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The Dark Night

My jaw dropped; a chasm of darkness formed from which a silence of shock and awe emanated. Cars drowning, houses ripped apart, lights blacking out, and trees thrashing about, this all shocked me. But it was the lightning-like flash and fireball that ensued from the explosion that did me in. The images reflected off of my glasses as I cycled through them one by one, watching video after video detailing Hurricane Sandy’s rampage on October 29th – 30th, 2012. Worried. Stressed. Anxious. These words barely described the state I was in as I lay on my bed 200 miles away while I watched my city, my home, fall apart in the face of Mother Nature’s swirling fists.

However, despite the dark clouds overshadowing the East Coast, rays of hope managed to whittle their way in. Through cellphones, texts, Facebook, and more, people from all over the world managed to send messages of support and prayer to friends, family, and even strangers during Sandy’s fury. Prominent online news sites and articles, such as the New York Times article by James Barron and J. Goodman linked below, spread information and awareness of the destruction left in wake of the hurricane, leading to more support and help from the outside. These articles and websites linked to videos on YouTube and other images detailing the wreckage, and these in turn linked to other websites and blogs, repeating the process until everything linked back to the original news sites. In effect, a strongly connected network in the way of a directed graph formed, a series of pages endorsing and linking to each other’s information on the “Frankenstorm.” But the most interesting thing that I noticed while learning of the hurricane’s effects in real-time was the way that information spread online.

All the news that I gathered during the initial stages of the storm came not from CNN or the New York Times, but from Facebook and YouTube. Friends and friends of friends all shared their personal experiences through statuses, images, and videos, each effectively linking or forming a directed edge to a current piece of information. This growing information network soon had dozens of people linking and reposting information, many times the same information, thus becoming a prime example of information cascades. People jumped on the most shocking and heartbreaking of photos, those that showed the worst of the destruction, and these images and videos were shared and reposted without thought repeatedly. Only when someone noticed that a photo was a screenshot from the movie Day After Tomorrow did that image’s reposting end, showing the fragility of information cascades and how they can be based on very little genuine information.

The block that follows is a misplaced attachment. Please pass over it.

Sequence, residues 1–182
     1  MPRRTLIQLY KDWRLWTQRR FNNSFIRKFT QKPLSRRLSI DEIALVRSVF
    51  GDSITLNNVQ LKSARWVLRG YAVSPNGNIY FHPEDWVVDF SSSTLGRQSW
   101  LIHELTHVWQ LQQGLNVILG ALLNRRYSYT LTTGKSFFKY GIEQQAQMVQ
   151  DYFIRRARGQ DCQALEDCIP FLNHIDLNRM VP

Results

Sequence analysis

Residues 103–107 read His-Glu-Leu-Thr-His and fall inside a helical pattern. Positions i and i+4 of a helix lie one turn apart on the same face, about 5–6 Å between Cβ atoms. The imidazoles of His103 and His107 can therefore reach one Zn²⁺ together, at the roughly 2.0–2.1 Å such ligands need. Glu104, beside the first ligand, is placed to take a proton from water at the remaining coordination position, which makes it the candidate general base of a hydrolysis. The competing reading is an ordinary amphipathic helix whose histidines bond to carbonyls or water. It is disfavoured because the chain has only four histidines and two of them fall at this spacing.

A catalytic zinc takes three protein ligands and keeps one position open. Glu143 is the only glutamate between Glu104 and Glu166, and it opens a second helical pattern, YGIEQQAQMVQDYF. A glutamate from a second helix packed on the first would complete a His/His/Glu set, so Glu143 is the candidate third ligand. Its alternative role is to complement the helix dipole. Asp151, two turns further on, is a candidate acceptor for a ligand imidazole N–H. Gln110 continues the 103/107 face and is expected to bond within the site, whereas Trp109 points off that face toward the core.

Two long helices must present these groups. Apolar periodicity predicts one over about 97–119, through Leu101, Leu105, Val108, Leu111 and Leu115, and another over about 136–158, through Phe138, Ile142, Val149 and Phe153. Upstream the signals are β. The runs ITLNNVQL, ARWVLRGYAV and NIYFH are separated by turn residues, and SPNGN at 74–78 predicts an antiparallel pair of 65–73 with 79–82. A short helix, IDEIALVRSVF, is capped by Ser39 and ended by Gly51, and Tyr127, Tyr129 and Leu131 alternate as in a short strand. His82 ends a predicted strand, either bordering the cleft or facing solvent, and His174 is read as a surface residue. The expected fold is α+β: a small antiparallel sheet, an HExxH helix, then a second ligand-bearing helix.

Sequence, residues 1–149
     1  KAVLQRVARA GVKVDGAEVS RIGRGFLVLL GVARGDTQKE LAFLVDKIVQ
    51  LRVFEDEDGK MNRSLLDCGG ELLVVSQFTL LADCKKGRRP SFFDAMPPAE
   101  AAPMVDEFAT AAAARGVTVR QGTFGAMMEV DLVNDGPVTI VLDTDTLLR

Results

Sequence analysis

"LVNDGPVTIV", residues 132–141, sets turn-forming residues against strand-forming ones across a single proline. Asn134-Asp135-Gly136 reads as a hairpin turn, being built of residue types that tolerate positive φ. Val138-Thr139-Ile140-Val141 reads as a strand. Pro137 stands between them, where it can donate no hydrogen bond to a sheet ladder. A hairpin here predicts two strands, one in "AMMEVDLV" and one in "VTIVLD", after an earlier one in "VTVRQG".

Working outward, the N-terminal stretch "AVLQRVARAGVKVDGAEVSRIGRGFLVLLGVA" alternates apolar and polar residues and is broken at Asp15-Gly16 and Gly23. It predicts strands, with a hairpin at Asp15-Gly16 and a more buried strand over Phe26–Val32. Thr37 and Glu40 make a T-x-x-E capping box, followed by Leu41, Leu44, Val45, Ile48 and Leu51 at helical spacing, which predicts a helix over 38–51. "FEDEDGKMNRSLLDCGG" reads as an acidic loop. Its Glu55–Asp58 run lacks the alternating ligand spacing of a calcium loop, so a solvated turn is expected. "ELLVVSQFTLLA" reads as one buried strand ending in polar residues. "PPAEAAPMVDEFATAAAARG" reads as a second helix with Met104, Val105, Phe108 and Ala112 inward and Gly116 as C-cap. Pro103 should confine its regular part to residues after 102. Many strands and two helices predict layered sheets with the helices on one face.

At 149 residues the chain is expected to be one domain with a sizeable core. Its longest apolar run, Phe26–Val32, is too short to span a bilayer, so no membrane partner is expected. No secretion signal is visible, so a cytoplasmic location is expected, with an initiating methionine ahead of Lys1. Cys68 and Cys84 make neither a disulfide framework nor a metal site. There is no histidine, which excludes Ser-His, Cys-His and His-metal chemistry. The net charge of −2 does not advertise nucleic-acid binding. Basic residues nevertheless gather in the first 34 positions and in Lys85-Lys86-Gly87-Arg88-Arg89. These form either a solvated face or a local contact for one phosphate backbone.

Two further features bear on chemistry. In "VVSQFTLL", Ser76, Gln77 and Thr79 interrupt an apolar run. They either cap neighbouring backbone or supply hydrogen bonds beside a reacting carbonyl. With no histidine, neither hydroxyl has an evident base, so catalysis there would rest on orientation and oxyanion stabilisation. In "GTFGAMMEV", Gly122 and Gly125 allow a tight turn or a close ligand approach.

But the view-count on most other articles, blogs, photos, and videos kept increasing over the course of the night. Google must have noticed all this activity on these pages due to the increasing number of searches and YouTube views because the endorsed information soon came up immediately when searching for “Hurricane Sandy Destruction.” Important websites and news agencies looking for information must have been using Google then, because those videos and images ended up in front-page articles within a few hours, such as the ones in the New York Times.

Basically, the recurring endorsement of webpages due to information cascades on social networking sites basically made them the most socially talked about videos and articles, giving them a higher standings on Google searches and then even higher importance when used in important news sites. People, after reading the news, would then share that information on Facebook again and the whole cycle would continue, that is, until readers become bored with the info or something new came up.

In the end, these rapidly forming information networks and cascades proved their usefulness and effectiveness in spreading information quickly and easily online. Thanks to them, many, including myself, managed to stay debriefed on the situation and helped keep us in touch with those still in the midst of the turmoil. I just hope that this network, this online community, stays functioning in the future, because, as Samuel Burke in his CNN blog states, this could be just the beginning of a long line of climate change altered super storms.




One Response to “ The Dark Night ”

  • Shienna Samson

    Really good article. I am from the Philippines, and I have some relatives off the East coast. The experience you’ve shared really gave me an idea about their plight in the US. Thanks for posting.

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